New NoSQL Language Unveiled As Debate Rages On
NoSQL oponents see no future for the language. Proponents, though, are building new products around it.
Pretty much every blog, article or discussion you see about the SQL vs. NoSQL debate includes sage advice from a reasonable voice of authority along the lines of something like this:
Whoa! Let's calm down. No need to fight. It's not a which-is-better issue, because each (tool/approach/language/philosophy) has its use. They should be used together as needed to solve different kinds of problems according to their strengths ...
And so on.
So it was interesting to read a comment on a blog post that went against that grain:
I wish it was as simple as SQL & RDBMS is good for this and NoSQL is good for that. For me at least, the waters are much muddier than that.
Tony Bain made that comment on a blog post by Conor O'Mahony titled "The Future of the NoSQL, SQL, and RDBMS Markets." Bain goes on to discuss the issue in detail, with much of the discourse from the perspective of a database developer. It's definitely worth reading by you data devs. It's also noteworthy that the blog posting was prompted by an article in The Register with the subhead "World says 'No' to NoSQL."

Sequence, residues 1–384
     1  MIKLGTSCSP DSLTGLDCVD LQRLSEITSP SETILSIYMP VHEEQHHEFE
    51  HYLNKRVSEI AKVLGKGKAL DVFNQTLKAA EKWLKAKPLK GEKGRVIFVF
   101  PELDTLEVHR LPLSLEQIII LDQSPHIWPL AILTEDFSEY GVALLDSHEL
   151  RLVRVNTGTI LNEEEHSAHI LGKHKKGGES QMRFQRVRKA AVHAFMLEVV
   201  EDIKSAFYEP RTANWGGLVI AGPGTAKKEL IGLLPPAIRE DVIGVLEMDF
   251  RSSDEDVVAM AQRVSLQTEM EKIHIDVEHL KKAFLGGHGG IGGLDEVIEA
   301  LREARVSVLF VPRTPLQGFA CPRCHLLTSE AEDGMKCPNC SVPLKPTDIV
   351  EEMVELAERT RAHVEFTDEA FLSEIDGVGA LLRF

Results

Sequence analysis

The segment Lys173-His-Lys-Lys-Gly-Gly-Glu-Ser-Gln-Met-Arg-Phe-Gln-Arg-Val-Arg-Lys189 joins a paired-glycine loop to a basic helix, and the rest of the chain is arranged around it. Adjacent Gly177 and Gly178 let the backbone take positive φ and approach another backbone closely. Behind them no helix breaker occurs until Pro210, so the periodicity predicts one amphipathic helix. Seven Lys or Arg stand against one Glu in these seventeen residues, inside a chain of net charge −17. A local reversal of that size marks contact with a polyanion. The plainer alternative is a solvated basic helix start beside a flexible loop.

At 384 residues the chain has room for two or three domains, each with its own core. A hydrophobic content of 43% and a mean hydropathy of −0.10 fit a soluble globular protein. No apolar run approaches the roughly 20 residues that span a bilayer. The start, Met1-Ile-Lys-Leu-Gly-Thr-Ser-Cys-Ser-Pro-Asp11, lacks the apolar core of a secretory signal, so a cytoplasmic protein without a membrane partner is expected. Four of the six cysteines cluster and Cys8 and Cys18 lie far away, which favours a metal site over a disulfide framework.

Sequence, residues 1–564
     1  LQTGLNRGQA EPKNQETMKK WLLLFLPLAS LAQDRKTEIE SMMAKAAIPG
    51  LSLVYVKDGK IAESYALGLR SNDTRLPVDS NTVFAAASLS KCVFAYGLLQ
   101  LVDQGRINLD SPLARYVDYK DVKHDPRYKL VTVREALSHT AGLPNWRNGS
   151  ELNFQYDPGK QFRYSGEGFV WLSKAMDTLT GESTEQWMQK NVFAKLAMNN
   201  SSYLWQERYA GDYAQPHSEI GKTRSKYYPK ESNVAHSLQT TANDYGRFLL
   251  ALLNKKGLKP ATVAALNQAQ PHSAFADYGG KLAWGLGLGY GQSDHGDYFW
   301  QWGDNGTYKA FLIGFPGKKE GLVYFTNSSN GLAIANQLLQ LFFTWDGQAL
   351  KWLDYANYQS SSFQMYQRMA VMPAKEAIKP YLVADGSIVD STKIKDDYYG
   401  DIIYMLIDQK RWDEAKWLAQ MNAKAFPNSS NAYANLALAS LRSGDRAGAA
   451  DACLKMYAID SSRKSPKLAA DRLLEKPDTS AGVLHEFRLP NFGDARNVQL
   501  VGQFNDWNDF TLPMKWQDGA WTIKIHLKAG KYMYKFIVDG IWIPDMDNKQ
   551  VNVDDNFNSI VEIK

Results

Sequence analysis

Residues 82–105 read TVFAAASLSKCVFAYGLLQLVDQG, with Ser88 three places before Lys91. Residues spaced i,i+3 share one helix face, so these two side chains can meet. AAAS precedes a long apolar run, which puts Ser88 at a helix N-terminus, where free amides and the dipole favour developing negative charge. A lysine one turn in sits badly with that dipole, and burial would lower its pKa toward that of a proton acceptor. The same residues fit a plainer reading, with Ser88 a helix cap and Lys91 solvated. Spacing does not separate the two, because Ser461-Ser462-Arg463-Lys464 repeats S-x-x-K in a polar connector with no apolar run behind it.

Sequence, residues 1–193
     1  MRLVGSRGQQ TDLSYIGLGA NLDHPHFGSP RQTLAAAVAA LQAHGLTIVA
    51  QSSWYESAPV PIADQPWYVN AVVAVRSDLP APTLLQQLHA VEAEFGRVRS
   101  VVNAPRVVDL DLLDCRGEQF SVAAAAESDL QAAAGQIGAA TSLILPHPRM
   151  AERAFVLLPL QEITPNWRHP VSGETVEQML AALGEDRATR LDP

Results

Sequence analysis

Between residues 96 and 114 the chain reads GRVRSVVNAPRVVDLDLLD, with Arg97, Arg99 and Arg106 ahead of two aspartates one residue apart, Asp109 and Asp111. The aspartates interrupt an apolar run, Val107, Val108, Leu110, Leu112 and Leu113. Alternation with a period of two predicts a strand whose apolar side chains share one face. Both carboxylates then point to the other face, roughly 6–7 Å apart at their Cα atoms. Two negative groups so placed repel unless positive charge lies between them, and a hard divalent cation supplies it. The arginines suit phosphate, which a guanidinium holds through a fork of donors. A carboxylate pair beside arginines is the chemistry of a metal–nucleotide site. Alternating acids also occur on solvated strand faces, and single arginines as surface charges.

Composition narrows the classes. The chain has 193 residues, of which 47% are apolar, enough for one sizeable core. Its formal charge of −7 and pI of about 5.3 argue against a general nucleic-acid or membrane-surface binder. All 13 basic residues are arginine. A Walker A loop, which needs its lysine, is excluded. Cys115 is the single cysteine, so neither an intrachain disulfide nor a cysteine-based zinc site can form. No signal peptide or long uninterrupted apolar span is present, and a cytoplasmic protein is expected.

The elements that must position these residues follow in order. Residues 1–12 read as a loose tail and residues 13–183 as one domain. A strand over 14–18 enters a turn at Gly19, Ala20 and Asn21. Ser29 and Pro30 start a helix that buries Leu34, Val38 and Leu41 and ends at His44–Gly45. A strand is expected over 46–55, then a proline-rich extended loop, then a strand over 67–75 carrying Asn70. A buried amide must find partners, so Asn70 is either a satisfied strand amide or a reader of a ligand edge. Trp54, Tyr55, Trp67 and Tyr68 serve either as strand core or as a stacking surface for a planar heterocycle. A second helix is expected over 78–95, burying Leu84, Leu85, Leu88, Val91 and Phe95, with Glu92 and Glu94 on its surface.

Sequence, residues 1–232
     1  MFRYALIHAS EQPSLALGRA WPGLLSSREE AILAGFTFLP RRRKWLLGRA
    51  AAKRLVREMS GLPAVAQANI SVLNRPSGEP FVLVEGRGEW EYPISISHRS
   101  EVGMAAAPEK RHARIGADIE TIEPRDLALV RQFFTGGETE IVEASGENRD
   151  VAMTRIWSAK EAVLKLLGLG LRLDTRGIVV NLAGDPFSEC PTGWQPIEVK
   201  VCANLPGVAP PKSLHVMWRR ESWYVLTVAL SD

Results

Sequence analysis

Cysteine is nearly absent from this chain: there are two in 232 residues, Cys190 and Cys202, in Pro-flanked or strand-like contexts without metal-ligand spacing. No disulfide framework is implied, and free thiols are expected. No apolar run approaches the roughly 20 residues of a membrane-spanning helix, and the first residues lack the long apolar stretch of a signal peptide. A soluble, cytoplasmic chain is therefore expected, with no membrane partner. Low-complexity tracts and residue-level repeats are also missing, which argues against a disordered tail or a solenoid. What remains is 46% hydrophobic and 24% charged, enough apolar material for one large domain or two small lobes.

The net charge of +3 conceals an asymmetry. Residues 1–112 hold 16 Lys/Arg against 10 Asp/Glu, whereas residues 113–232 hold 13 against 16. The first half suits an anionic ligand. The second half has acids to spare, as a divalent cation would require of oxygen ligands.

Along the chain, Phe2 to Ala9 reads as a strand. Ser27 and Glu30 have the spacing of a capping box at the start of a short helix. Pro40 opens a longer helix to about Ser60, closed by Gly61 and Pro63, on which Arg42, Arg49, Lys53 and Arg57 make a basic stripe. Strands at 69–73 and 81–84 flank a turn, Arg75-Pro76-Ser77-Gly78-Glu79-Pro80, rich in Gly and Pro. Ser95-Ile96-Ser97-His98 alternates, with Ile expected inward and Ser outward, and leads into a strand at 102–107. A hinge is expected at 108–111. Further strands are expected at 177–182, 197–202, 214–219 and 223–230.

Were it that easy. Just a week or so earlier, in fact, there was much buzz generated when Couchbase released a "flagship NoSQL database" and an entirely new NoSQL query language called UnQL.
Does that sound like the desperate last gasp of a major player in a dead movement? Or will we one day look back and recognize it as a major step in an industry transformation?
You tell me. Comment here or drop me a line. I'm just happy that Couchbase provided some pronunciation guidance, a pet peeve of mine. UnQL is pronounced like the word "Uncle."
David Ramel is the editor of Visual Studio Magazine.